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Effects of clioquinol on memory impairment and the neurochemical modifications induced by scrapie infection in golden hamsters.

Department of Pharmacology, Chemotherapy and Medical Toxicology, School of Medicine, Milano, Italy.
Brain research (Impact Factor: 2.46). 08/2009; 1280:195-200. DOI: 10.1016/j.brainres.2009.05.031
Source: PubMed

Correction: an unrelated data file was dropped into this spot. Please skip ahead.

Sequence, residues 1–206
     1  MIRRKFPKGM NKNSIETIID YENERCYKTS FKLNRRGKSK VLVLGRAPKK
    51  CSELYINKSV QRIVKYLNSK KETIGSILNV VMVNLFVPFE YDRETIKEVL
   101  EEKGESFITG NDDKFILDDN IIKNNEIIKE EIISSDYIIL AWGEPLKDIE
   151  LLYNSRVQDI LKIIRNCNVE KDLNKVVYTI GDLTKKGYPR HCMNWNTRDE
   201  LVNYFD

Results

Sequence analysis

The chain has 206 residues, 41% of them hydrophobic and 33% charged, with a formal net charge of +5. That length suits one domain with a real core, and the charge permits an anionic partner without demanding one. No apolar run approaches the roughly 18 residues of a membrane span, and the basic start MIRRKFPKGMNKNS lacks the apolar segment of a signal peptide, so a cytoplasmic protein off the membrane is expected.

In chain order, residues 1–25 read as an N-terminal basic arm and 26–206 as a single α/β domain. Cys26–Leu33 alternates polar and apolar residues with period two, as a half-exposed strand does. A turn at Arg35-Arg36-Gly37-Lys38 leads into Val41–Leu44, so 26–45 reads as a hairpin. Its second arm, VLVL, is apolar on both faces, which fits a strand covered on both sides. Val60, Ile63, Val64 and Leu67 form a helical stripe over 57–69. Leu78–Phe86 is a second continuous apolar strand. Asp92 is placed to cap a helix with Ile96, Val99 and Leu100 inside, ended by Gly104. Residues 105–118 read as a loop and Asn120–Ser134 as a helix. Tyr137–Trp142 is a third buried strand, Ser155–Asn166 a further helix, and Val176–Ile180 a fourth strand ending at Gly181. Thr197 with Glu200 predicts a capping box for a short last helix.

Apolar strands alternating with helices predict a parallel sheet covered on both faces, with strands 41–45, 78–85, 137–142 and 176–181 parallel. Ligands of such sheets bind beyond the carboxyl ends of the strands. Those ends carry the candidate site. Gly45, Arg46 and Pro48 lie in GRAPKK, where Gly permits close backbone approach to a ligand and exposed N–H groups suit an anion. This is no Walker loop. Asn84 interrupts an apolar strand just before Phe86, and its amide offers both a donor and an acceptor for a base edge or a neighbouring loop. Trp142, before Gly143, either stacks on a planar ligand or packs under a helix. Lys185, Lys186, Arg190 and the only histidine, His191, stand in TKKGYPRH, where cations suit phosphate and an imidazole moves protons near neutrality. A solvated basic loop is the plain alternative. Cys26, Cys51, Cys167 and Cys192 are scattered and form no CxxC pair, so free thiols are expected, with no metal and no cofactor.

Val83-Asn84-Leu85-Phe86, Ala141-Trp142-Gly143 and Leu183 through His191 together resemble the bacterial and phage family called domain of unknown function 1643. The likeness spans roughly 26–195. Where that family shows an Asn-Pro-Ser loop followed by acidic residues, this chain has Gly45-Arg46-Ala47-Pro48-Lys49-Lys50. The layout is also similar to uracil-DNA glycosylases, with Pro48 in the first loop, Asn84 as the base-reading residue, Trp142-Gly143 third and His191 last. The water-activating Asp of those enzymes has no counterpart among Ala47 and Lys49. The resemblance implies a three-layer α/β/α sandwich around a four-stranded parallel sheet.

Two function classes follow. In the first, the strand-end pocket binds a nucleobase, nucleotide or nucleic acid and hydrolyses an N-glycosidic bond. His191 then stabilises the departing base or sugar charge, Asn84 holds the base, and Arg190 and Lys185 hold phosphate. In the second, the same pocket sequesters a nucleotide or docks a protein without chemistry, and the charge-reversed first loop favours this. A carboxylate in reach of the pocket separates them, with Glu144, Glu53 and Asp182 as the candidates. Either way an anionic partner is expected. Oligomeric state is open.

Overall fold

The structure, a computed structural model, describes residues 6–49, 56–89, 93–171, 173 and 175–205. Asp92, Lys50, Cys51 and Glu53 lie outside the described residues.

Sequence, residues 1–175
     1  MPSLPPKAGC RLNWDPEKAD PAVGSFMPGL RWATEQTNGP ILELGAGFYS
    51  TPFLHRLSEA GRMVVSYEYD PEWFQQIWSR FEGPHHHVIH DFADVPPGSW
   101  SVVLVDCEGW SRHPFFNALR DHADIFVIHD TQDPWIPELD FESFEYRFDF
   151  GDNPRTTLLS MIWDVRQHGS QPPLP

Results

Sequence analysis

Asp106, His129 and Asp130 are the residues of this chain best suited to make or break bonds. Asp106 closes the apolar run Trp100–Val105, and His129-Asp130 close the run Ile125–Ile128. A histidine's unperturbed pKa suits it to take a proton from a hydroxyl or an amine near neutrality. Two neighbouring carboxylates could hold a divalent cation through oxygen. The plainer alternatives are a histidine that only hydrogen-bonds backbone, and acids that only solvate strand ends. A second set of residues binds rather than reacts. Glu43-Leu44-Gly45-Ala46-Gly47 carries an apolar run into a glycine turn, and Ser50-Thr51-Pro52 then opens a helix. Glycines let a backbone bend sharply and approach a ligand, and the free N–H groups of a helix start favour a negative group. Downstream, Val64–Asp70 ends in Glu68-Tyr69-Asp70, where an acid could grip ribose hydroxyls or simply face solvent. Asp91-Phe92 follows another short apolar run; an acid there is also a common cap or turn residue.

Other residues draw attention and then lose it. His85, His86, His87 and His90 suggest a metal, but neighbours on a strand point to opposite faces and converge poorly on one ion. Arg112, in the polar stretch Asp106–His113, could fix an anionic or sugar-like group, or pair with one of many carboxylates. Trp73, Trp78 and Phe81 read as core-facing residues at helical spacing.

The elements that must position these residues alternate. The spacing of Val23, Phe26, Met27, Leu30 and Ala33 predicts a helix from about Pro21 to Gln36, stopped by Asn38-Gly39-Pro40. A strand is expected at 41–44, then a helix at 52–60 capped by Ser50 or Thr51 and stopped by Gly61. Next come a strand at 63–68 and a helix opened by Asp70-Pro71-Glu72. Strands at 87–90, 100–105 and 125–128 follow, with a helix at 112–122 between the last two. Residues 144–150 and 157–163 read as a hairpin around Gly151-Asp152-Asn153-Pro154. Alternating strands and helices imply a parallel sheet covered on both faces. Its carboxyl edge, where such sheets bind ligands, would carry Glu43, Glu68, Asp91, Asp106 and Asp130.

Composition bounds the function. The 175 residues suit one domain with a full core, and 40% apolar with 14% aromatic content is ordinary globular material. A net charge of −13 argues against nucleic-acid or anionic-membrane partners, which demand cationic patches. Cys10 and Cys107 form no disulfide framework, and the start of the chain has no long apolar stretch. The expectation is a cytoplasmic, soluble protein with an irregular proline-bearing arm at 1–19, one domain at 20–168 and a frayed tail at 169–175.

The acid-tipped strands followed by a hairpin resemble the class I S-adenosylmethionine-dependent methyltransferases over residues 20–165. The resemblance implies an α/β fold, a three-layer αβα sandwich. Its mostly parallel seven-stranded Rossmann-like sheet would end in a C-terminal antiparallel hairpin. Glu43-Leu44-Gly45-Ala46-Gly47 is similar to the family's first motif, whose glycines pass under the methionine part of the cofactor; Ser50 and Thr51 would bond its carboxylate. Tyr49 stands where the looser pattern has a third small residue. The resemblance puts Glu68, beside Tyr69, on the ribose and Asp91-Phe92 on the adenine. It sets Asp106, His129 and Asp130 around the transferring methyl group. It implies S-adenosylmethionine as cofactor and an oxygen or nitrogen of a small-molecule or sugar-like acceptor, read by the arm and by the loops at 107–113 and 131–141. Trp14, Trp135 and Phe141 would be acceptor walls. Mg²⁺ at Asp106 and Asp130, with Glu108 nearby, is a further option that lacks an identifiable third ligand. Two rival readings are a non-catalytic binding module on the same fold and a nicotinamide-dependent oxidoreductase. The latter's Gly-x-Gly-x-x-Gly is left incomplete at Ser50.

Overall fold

ABSTRACT Prion protein (PrP) is a glycoprotein expressed on the surface of neurons and glial cells. Its pathological isoform (PrP(res)) is protease resistant, and involved in the pathogenesis of a number of transmissible encephalopathies (TSEs). One common feature of neurodegenerative diseases, including TSEs, is oxidative stress, which may be responsible not only for the dysfunction or death of neuronal cells, but also cognitive deficits. Clioquinol (5-chloro-7-iodo-8-quinolinol) chelates zinc and copper, which are involved in the deposition of amyloid plaques and acts as an antioxidant; increased lipid peroxidation has also been demonstrated in the early phases of PrP propagation. The aim of this study was to investigate the effects of clioquinol on the changes in motor and cognitive behaviours induced by scrapie infection, as well as its effects on oxidative stress and the neurotransmitters known to be involved in motor and cognitive functions. The results show that clioquinol counteracts the massive memory deficit induced by scrapie infection. This effect is not paralleled by neurochemical changes because the levels of all of the biogenic amines and their metabolites were reduced despite clioquinol treatment. The main biochemical change induced by clioquinol was a marked reduction in lipid peroxidation at all time points. The antioxidant effect of clioquinol can reduce functional impairment and thus improve memory, but clioquinol does not reduce PrP deposition or synapse loss, as indicated by the unchanged Western blot, histopathological and histochemical findings.

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